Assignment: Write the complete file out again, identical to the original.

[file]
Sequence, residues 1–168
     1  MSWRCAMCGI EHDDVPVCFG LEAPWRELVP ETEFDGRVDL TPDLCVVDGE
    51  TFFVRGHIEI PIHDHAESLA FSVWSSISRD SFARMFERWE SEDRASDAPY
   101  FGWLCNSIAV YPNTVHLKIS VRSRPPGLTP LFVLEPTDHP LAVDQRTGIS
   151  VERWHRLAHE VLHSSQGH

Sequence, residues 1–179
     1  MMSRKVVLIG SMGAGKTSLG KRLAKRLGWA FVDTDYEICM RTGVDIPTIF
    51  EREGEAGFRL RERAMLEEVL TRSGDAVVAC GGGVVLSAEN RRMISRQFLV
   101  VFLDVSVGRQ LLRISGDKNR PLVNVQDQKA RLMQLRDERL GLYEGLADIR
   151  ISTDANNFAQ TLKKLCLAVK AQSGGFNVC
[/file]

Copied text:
Sequence, residues 1–168
     1  MSWRCAMCGI EHDDVPVCFG LEAPWRELVP ETEFDGRVDL TPDLCVVDGE
    51  TFFVRGHIEI PIHDHAESLA FSVWSSISRD SFARMFERWE SEDRASDAPY
   101  FGWLCNSIAV YPNTVHLKIS VRSRPPGLTP LFVLEPTDHP LAVDQRTGIS
   151  VERWHRLAHE VLHSSQGH

Sequence, residues 1–179
     1  MMSRKVVLIG SMGAGKTSLG KRLAKRLGWA FVDTDYEICM RTGVDIPTIF
    51  EREGEAGFRL RERAMLEEVL TRSGDAVVAC GGGVVLSAEN RRMISRQFLV
   101  VFLDVSVGRQ LLRISGDKNR PLVNVQDQKA RLMQLRDERL GLYEGLADIR
   151  ISTDANNFAQ TLKKLCLAVK AQSGGFNVC